9 Dec 2023

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Going Global Review: Day 2 Showcase

03 Sep 2023 // A review by Roger Bowie

Saturday night at the Whammy trinity and we know the score. Artists in the round, although we are the ones moving underground, 20 minutes tops, immaculate precision.

Luke Thompson has been around, an everyman folk troubadour, and sometimes they escape attention, but not tonight, tick another one off. Sounds like? Lots of people, but mainly Luke Thompson, and also Bon Iver. An old song, Boxes, kicks off the set as the punters roll in, and then a song crying for attention when the audiences refuse to listen. Not tonight, we’re music lovers in the Wine Cellar, not random party-heads (that comes later). A lockdown song brings Luke to the keyboard, channeling his inner Elton, A Light Calling, happens to be his new single, and a final surge towards Mexico, written barely three weeks ago. Luke Thompson is very good, deserves further attention, lots of back catalogue, I have one on now…… and it’s bloody good.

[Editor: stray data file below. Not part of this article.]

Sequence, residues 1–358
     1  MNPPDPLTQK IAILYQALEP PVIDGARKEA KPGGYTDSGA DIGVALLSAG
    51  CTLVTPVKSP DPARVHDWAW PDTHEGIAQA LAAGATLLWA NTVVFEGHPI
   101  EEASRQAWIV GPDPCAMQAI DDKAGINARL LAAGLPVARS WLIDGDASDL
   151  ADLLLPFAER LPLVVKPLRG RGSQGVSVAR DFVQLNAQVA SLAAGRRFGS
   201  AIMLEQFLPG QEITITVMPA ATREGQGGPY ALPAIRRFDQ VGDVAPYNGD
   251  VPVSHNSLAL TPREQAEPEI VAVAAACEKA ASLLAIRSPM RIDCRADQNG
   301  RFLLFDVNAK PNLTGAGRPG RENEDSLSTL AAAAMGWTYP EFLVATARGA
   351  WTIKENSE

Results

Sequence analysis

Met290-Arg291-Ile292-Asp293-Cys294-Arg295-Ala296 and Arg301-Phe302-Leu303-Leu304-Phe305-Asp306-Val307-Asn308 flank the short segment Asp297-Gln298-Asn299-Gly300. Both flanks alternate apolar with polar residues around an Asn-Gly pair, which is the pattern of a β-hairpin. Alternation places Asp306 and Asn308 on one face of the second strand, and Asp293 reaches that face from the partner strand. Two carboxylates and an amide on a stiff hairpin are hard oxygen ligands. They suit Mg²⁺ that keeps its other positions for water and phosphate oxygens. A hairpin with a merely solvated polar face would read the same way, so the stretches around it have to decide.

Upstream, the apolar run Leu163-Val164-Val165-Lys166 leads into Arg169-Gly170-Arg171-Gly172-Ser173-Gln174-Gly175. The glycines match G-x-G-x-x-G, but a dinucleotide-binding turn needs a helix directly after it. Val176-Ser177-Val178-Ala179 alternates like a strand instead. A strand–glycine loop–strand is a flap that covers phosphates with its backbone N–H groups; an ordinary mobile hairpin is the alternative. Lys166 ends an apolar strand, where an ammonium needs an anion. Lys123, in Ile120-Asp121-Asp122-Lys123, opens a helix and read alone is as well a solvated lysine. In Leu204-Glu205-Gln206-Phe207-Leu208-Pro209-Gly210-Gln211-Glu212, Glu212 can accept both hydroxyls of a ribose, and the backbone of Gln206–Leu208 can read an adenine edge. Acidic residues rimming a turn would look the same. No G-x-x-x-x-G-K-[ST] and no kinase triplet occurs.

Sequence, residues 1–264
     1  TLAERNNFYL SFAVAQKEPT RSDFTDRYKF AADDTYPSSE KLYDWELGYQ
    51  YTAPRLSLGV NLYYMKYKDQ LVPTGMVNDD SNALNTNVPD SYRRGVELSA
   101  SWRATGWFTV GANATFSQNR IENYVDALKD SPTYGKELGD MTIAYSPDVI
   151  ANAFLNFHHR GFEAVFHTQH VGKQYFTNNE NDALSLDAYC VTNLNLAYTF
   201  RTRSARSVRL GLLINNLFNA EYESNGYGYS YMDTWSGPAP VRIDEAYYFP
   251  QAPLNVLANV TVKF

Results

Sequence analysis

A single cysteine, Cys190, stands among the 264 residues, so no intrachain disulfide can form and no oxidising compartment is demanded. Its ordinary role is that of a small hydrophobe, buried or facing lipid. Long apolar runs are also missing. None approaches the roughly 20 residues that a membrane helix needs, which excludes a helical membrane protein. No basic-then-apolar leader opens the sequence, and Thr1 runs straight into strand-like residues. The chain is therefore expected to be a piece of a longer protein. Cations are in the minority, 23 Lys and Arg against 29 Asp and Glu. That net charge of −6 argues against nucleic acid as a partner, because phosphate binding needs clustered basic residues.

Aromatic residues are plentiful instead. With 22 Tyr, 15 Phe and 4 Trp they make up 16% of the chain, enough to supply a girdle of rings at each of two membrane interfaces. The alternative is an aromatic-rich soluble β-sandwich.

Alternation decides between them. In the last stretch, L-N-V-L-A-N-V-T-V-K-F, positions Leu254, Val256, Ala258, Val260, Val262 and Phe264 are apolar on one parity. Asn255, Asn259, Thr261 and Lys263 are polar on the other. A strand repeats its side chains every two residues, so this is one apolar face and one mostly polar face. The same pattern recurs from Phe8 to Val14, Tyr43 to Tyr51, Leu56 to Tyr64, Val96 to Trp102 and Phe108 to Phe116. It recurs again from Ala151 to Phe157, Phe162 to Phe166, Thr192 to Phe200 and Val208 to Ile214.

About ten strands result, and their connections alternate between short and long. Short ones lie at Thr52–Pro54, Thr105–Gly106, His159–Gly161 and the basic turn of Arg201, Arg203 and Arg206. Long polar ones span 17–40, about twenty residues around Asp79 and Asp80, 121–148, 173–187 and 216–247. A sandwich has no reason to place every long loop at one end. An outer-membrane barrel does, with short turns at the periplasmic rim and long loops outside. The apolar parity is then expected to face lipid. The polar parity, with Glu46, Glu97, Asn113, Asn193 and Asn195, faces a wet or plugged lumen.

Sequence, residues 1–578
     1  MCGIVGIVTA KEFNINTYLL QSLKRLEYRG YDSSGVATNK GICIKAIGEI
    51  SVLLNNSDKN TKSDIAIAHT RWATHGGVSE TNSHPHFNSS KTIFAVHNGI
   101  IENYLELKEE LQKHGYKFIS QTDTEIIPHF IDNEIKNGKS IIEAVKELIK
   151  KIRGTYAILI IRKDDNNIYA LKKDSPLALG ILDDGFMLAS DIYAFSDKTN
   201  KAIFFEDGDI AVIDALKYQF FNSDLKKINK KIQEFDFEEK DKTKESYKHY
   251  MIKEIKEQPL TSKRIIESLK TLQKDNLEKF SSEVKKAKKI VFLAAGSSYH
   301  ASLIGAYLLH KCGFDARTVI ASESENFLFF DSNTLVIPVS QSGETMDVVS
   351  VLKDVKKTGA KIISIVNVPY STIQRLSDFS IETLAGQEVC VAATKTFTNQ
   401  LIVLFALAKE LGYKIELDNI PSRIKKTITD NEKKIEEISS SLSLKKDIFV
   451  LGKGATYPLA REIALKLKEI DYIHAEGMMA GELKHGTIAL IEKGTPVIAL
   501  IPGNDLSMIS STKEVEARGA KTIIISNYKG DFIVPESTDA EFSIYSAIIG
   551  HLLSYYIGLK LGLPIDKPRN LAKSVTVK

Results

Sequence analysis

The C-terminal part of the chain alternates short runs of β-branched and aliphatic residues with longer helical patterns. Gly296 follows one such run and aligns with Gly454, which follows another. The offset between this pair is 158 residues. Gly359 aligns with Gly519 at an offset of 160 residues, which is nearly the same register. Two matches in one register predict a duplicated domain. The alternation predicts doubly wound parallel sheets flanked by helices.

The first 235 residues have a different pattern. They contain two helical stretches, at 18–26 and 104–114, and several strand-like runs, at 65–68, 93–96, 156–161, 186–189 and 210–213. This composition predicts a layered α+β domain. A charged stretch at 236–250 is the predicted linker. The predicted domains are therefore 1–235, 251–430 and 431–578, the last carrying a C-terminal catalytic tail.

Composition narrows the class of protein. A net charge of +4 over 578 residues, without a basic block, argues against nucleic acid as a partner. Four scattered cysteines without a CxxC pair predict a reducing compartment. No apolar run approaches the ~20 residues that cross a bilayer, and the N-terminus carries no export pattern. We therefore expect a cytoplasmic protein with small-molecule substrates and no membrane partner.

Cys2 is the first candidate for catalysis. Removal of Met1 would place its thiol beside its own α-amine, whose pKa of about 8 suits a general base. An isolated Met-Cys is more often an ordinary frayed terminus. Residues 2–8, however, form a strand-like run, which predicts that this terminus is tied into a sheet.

Dawn Diver is a product of the Wellington sound, and a project led by Ben Lemi, an accomplished guitarist/instrumentalist with pedigree such as Trinity Roots, Estere and Vera Ellen. Three ladies drumming, strumming and humming, and a bass player. Reggae beats with a jazzy vocal, sometimes funky, clever use of harmony, songs dressed in metaphor which rev up and, fasten your seatbelts, somehow fail to take off, at least not tonight. Don’t write them off, though, it might just be me on the wrong runway…

Now, hip-hop is not my thing, generally, but I have learned enough to know it has its own depth and cultural relevance, and it’s also clever, and so a little Mazbou Q is a perfect opportunity to indulge my adolescence, especially if the influence is afro-beat and Fela Kuti. And Mazbou Q is also a genial ambassador for the science because he is a codifier and a teacher and a preacher and by the way he looks like a rugby player and probably was. And so, the rap scientist enraptures us in the feral beat of his afro-kiwi funk band, and the rhythms are pure and many, and the words are sometimes intelligible but no doubt intelligent and you can tell he’s a nice guy. Awesome.